Day 1 in Geneva
Upon arriving in Geneva, you’ll want to start with the historic center of the city to see the more traditional attractions there.
Recommendation: Make the most of your time in Geneva with the Geneva Pass, and receive free offers, preferential rates, great discounts, and surprise gifts at over 40 of Geneva’s favorite attractions, including museums, cruises, and guided city tours.
As is so often the case in Europe, the best place to begin is the Old Town of Geneva. While not as extensive or consistent as other historical centers in big cities in Europe, the Old Town still has a wonderful mood to it that’s a joy to explore. Hallmarks like cobblestone streets, fountains, and old-fashioned architecture are all in ready supply there.
But there are some interesting touches too. For starters, there’s the L’horloge fleurie floral clock over in the gardens of Jardin Anglais by the waterfront. Then there is the copious amount of independent and upscale boutiques in the Old Town which make shopping the primary activity for so many there. Head for the Rue du Rhône if you want to window shop the most luxurious spots in town.
One of the most noteworthy landmarks in the Old Town is Geneva Cathedral, which rests at the heart of the area on a small hill. The cathedral’s striking Neoclassical facade from the 18th century betrays the fact that most of the building was built in the 12th century in a Gothic style.
Even though this spot has been home to churches since the 4th century, most talk surrounding the cathedral focuses on its relationship with famed reformer John Calvin. Inside you can see his personal chair at the church, which he attended from 1541. Visitors to the church can also venture down into the crypt to see remains of the ancient basilica that stood there or climb up its towers for stunning views.
A short walk from Geneva Cathedral is the Maison Tavel, a historic home that’s been converted into a museum. Following a windswept fire in 1334, the house was rebuilt in the 14th century and is now the oldest surviving private home in Geneva. By taking a tour of this traditional house you can learn what it was like to live back then. The museum, which is part of the Art and History Museum, also covers elements of the city’s history and how it grew over time.
Place du Bourg-de-Four
For a picturesque spot in the Old Town with lots of history, head for Place du Bourg-de-Four. This square is the oldest in Geneva and was where the ancient Roman marketplace once stood. Lining this pleasant plaza are rows of wonderfully quaint houses which create a fantastic atmosphere even though they now house restaurants and cafes. If you want to see the beating heart of Geneva’s Old Town, that is it.
Resting along the southwestern edge of the Old Town is the Parc des Bastions, where you’ll find your next stop. Known as the Reformation Wall, this large stone monument is dedicated to the Protestant Reformation and key figures in its development such as John Calvin. The monument and its looming sculptures were installed in 1909 against the 16th-century city walls of Geneva before the space was transformed into a park. At first glance you might expect this landmark to be a war memorial and not something deeply tied to local religious views.
Art and History Museum
Being an international city and major cultural hub, it’s hardly surprising that Geneva is home to so many museums. One of its best is the Geneva Art and History Museum on the edge of the Old Town. Although there is a strong focus on Swiss art in particular there, the museum’s exhibitions do feature international pieces from names like Rembrandt and Cézanne. There’s more than just fine art within its large collection, with quite an impressive archaeology collection which includes an Egyptian mummy and statues from Classical antiquity.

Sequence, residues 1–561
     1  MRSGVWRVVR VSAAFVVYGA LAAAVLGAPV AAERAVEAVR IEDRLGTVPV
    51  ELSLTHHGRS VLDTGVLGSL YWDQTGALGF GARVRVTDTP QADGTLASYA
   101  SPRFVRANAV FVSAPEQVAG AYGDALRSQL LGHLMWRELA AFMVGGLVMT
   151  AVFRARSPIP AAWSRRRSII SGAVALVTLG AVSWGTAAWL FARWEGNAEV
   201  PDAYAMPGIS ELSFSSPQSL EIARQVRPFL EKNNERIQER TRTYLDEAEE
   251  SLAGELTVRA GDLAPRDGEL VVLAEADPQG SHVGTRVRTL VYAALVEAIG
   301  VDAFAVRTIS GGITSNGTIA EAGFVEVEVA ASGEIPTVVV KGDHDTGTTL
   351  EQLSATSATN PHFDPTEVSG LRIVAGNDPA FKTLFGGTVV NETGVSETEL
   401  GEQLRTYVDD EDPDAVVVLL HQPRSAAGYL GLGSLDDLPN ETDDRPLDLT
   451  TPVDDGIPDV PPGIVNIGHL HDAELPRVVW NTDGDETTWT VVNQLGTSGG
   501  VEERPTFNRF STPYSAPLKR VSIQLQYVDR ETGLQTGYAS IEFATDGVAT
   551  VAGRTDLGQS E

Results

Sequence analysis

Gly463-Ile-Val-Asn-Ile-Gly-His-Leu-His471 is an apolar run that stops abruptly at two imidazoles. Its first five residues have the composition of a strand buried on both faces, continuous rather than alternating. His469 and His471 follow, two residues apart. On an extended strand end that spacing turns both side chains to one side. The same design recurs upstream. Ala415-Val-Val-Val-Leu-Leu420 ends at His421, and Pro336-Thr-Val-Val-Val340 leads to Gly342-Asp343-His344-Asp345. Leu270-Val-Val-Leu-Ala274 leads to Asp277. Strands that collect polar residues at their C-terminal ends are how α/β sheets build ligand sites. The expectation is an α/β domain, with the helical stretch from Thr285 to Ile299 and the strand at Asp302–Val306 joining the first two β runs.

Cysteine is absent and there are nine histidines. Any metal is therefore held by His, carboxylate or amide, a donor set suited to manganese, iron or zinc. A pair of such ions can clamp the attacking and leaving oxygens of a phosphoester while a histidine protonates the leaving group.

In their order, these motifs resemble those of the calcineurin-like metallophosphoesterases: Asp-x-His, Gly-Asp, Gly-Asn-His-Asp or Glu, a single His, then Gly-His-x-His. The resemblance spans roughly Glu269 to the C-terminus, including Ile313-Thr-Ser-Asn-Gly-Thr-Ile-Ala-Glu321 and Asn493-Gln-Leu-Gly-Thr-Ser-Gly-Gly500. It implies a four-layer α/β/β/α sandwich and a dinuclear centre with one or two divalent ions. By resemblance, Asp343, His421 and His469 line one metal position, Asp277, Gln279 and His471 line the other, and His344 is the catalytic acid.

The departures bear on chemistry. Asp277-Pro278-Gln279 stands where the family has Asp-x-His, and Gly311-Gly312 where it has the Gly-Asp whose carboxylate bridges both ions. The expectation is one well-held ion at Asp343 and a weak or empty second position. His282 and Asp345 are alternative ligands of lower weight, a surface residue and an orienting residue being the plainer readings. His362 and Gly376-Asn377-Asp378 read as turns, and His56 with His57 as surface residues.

Finally, head down to Geneva’s waterfront to see the towering Jet d’Eau fountain. This mighty jet of water is one of the city’s most famous landmarks, spurting up 140 meters into the sky. The best spot to admire this powerful sight is from the Promenade du Lac that runs along the south side of the lake there. To get even closer, take a Mouette taxi-boat from one bank to the other.
Day 2 in Geneva
Having covered the obvious attractions in the Old Town, it’s time to widen your gaze and see what else the city of Geneva has in store for you.
Crossing the Rhone River and following Geneva’s lakefront north, you’ll soon reach the elaborate Brunswick Monument. Full of Neo-Gothic detail, this mausoleum is a replica of the Scaligeri family tomb in Verona, built for the Duke of Brunswick. Upon his death in 1873, the Duke’s fortune was given to the city of Geneva on the condition that he receive a grand funeral and a monument in his name. This landmark is what remains of that vanity project, making it one of the stranger sights in Geneva for sure.
Palais des Nations
We mentioned earlier that Geneva is closely tied to the United Nations. That bond relates to the city hosting the European headquarters of the UN inside the offices of the Palais des Nations. Thanks to Switzerland’s well-established neutrality, Geneva now hosts a variety of international organizations and was a natural choice for this role. It’s possible to take a guided tour through the Palais des Nations where you’ll see various rooms, halls, and chambers, depending on the tour schedule of the day. You can book a guided tour, which also includes a tour of the old town, here.
Outside the Palais des Nations stands the Broken Chair sculpture. Standing on three legs, this large piece of modern art protests the use of landmines and cluster bombs, providing a reminder of their lasting damage.
Quartier des Grottes
Heading back to the city for a little bit, head for the neighborhood of Les Grottes near Geneva Station. This dense neighborhood had quite a rough reputation back in the 60s, but has gone through various phases since, including a recent wave of gentrification. But it was the architectural decisions of the 80s that draw many people there today.